Planting a tree is typically not hard, but there are important steps to keep in mind. The planting or transplanting of a tree is likely to be the most stressful event in the tree's life. So taking care to do it properly is critical. Trees handled roughly may be harmed or even killed.
Planting a Tree
Determine the species you desire and survey your lawn to find the most appropriate place. Planting a maple tree capable of growing 80 feet directly under a power line that is 20 feet off the ground, for example, may not be the best choice. Further, some species prefer shade while others like full sunlight.
Wait until the risk of freezing is over or plant prior to freezing. The dormant period gives trees a better chance to establish themselves.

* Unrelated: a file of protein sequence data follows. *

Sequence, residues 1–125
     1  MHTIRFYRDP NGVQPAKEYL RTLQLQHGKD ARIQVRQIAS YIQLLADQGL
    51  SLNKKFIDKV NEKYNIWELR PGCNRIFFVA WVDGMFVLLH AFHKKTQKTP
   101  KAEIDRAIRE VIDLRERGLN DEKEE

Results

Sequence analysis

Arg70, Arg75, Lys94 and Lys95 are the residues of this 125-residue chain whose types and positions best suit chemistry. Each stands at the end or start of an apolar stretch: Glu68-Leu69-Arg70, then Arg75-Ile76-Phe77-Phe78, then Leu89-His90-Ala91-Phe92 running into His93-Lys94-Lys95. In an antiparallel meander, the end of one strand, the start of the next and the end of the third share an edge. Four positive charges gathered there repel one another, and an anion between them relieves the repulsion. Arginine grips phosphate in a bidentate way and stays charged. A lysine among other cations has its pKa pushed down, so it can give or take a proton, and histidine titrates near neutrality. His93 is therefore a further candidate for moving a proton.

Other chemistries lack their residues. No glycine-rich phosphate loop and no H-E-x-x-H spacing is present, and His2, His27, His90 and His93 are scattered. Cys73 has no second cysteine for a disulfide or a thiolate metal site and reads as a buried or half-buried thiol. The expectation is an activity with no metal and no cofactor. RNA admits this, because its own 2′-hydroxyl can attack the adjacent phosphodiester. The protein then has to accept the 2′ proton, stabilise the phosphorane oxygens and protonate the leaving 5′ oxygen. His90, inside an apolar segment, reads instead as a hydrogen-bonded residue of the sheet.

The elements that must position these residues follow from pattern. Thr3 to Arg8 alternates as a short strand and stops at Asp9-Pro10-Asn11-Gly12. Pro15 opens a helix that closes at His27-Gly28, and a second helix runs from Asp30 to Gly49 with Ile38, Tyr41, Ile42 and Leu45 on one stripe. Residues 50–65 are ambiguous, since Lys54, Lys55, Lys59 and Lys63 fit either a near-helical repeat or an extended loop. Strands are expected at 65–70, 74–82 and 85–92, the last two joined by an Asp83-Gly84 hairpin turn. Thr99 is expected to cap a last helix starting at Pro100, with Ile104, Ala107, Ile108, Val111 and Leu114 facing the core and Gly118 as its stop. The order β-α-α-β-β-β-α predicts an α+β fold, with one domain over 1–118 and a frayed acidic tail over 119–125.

Using a shovel, dig a hole three times the diameter of the root ball but no deeper than the tree was originally planted. This is easy to see because of dirt on the trunk. If the tree is potted, it is easier still.
Break up the sides of the hole with a garden fork. When digging the hole with the shovel, a process known as glazing often occurs. This makes the sides harder, which can make root penetration much more difficult.
Place the tree in the hole, being careful to watch the depth and root clearance. It is best to have someone hold the tree in place when inspecting the tree and moving to the next steps.
Fill the hole one-third full of water and begin replacing the soil. Make sure to pack the soil well, trying to remove as much air as possible. Once the soil has been replaced, water again.
Tie lines to the tree and stake them into the ground. This provides support for the tree as the roots establish themselves. It is especially important for top-heavy trees such as palms.
Mulch around the tree. This helps prevent other vegetation from growing while promoting good oxygen circulation.